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Uber Drivers Risk Ticket to Ride

The City of Boise made it clear that Uber drivers could face a misdemeanor citation if they took payment.

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UPDATE:

Boise officials confirm that they have begun citing Uber drivers operating in the city limits and charging fares for rides.

Following a cease-and-desist order and warning that they would issue misdemeanor citations for charging fares in Boise without Uber coming to an operating agreement with city officials, code enforcement officers have handed citations to drivers after riding with the app-driven ride share company.

The officers wore plain clothes, requested an Uber ride and, when they were charged a fare, the officers issued the citations.

ORIGINAL STORY:

It was all smiles in October 2014 when Uber hosted a Boise launch party, introducing its app-driven service to the Treasure Valley.

"The three things I get are: 'What is Uber?' 'I've heard of Uber. Is it available yet?' and 'Thank God you guys are here," Uber spokesman Michael Amodeo told Boise Weekly at the time.

By now, many Boiseans have heard of Uber—if not as consumers, then from the Dec. 31 headlines declaring that the city of Boise had slapped the company with a cease-and-desist order.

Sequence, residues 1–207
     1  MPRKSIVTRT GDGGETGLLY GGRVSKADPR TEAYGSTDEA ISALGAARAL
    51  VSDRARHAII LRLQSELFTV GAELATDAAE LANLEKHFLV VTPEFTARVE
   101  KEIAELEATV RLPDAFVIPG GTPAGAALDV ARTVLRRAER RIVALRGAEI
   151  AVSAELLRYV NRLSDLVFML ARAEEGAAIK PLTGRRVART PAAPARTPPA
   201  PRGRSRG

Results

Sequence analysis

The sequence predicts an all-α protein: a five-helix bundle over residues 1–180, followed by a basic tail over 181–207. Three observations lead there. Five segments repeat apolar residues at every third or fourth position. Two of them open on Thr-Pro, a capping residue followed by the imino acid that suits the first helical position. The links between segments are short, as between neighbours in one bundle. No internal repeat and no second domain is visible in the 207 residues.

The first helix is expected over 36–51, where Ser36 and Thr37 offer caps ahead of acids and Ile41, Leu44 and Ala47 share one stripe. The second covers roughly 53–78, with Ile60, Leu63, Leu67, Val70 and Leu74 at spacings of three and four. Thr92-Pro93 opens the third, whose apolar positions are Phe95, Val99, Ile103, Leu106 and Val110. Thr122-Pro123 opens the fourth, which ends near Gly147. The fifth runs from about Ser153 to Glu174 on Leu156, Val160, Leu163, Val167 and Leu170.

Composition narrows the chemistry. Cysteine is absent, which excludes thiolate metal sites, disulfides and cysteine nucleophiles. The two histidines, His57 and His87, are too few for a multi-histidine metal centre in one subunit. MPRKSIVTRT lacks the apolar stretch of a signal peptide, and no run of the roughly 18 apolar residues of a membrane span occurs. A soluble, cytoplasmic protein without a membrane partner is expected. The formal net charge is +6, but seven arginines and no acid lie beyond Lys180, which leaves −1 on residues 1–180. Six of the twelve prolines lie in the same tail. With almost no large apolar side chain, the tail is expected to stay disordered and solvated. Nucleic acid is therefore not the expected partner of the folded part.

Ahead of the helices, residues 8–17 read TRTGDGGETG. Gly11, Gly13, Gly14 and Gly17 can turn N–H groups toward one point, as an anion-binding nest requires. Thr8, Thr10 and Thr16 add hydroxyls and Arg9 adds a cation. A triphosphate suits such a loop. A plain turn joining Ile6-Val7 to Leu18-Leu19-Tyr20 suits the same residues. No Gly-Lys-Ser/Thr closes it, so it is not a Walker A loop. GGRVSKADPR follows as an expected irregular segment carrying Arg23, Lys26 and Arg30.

"We had an agreement with them that the city of Boise wouldn't stand in their way in offering a free service as long as we were working toward a long-term solution where Uber could operate on a fee-for-service basis," Mike Journee, spokesman for Boise Mayor Dave Bieter told BW, adding that city officials had met with Uber as recently as Dec. 23. "But there was no indication that they would start charging. They obviously decided that an agreement wasn't a priority for them."

Simply put, the city made it clear that Uber drivers could face a misdemeanor citation if they took payment. Nonetheless, Uber drivers defied the cease-and-desist, taking customers and fares on New Year's Eve.

"We understand that the drivers are trying to make a living," Journee said. "In order to be fair, we understood that there would probably be a news cycle in order to get the word out."

That news cycle worked overtime, as every media outlet trumpeted the story while social media lit up with comments.

"I'm glad they're holding Uber to basic standards," wrote Josh McDaniel on BW's Facebook page.

"Good luck stopping them," countered Taylor Newbold.

Journee said other cities have used code enforcement officers to hold Uber accountable.

"The City Clerk's office will be the lead agency on this," he said.

An Uber spokesman said the company was committed to working with city officials to craft regulations but would stand by its drivers against what it called "unjust" citations.